“Computers work with transistors, which work on the principles of quantum mechanics, and GPS satellites work only by taking into account Einstein’s theory of general relativity. So while there may be no further goal in mind now than to simply understand the universe to a deeper level, without studying these seemingly very abstract ideas we will not be able to make progress in the future.”
Idea: Quinine – shining new light on an ancient molecule/teaching old drugs new tricks
Dr John Woodland focused his talk on the success of quinine in the treatment of malaria
Dr John Woodland, a postdoctoral researcher in the Department of Molecular and Cell Biology at UCT, focused his talk on the success of quinine in the treatment of malaria.
Malaria is a devastating infectious disease that mainly affects the developing world. Quinine is a compound that was first isolated from the bark of the Cinchona tree centuries ago. It is the first effective treatment for malaria, and has many therapeutic properties. It is also used as a bittering agent in tonic water.
Part of Woodland’s research is studying quinine’s fluorescence. Under UV light, quinine glows blue.
“You can take advantage of the electromagnetic spectrum by developing special dyes that stain the nucleus of the cell, where all the genetic material is. This photophysical technique can be harnessed to see what’s happening inside cells using fluorescence imaging. I look at quinine’s fluorescence inside the malaria parasite, for example,” says Woodland.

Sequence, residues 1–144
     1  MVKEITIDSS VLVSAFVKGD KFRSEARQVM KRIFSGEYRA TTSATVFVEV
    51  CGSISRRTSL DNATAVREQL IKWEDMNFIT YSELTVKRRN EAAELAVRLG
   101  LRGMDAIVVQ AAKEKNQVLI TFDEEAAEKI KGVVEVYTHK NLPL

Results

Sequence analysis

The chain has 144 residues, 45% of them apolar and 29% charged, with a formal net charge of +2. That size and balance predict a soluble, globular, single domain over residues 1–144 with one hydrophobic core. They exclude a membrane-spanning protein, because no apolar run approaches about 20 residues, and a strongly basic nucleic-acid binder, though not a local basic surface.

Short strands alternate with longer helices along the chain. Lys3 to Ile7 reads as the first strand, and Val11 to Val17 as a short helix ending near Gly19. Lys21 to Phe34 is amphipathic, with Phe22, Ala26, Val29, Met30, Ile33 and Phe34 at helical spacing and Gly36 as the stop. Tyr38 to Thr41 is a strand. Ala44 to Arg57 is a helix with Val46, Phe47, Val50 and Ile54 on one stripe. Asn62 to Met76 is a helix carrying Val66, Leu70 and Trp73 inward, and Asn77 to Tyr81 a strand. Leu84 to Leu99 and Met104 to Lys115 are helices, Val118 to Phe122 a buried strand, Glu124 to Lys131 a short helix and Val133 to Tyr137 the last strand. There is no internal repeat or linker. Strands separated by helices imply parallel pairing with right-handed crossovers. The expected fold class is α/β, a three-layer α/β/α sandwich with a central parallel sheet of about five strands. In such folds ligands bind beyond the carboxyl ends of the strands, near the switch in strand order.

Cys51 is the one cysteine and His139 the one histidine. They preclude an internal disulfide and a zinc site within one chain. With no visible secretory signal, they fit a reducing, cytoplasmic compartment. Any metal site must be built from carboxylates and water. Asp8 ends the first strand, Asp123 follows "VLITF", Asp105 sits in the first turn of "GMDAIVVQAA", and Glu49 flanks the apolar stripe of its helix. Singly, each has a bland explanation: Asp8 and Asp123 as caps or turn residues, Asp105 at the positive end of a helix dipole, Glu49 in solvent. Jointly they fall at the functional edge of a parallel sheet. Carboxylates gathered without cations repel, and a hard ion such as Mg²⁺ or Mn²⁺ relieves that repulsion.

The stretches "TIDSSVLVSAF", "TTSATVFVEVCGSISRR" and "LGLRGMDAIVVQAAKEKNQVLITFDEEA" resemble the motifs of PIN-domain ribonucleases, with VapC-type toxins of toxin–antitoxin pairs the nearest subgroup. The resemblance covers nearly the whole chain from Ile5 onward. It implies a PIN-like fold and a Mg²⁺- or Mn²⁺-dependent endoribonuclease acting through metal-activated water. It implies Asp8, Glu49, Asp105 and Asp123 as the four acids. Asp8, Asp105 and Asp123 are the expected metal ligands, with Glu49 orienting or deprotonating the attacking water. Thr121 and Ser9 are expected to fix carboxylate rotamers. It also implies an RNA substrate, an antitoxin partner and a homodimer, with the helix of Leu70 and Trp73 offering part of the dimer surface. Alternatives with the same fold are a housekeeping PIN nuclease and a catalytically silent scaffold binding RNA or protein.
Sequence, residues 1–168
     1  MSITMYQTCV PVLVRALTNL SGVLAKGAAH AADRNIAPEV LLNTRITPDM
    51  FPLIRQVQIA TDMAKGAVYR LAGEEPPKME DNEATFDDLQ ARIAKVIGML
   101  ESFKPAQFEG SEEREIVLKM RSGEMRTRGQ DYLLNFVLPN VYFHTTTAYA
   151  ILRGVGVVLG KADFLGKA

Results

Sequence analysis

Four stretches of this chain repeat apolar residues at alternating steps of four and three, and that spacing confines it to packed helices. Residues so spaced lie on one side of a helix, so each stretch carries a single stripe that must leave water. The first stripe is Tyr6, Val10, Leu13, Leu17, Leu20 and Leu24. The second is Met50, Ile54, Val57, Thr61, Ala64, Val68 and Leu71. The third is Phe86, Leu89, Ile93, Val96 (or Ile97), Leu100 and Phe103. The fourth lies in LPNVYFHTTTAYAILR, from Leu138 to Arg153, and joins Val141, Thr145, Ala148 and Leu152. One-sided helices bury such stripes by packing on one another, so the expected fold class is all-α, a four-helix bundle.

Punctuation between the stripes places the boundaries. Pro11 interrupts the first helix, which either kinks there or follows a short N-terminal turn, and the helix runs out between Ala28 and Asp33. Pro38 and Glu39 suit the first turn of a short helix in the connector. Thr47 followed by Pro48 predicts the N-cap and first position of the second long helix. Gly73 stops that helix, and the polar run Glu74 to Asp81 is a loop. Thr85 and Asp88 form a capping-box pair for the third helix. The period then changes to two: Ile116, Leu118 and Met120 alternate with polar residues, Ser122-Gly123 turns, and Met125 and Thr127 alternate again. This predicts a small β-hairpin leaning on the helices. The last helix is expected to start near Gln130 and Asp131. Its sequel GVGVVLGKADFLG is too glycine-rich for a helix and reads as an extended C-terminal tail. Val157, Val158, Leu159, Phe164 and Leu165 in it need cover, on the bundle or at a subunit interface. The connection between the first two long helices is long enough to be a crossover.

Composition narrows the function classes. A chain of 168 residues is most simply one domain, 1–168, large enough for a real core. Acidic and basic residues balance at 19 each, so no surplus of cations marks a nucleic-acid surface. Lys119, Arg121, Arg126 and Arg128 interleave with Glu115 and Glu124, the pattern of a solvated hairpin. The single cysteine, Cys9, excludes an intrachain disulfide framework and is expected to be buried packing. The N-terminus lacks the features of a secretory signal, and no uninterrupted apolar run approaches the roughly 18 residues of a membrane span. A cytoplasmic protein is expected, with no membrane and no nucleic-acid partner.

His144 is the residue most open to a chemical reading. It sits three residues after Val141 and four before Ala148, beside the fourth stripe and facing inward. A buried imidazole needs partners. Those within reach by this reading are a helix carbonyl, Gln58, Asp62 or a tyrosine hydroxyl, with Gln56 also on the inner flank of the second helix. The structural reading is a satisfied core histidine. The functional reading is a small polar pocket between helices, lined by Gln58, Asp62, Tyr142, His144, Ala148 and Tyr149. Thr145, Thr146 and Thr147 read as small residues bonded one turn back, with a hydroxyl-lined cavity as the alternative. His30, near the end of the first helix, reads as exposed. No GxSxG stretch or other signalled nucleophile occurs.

Understanding how current antimalarial agents work and how they accumulate in parasitised human red blood cells, such as the fluorescent drug analogue in the below image, can inform the rational design of new antimalarial drugs.
“After having been used for almost 400 years, we still don’t understand exactly how it does what it does so well,” says Woodland.
“There’s a lot of exciting work happening at UCT looking at infectious disease and malaria drug development in particular. Investigators from UCT’s department of chemistry are able to generate new insights into the cellular localisation and targets of antimalarial drugs by labelling human red blood cells infected with the malaria parasite, Plasmodium falciparum, with a fluorescent drug (green).
Zambian chemist Prof Kelly Chibale who has built H3D, Africa’s first integrated drug discovery centre, at UCT already has a potential drug for malaria. He was nominated by Fortune 500 as one of its 50 greatest leaders.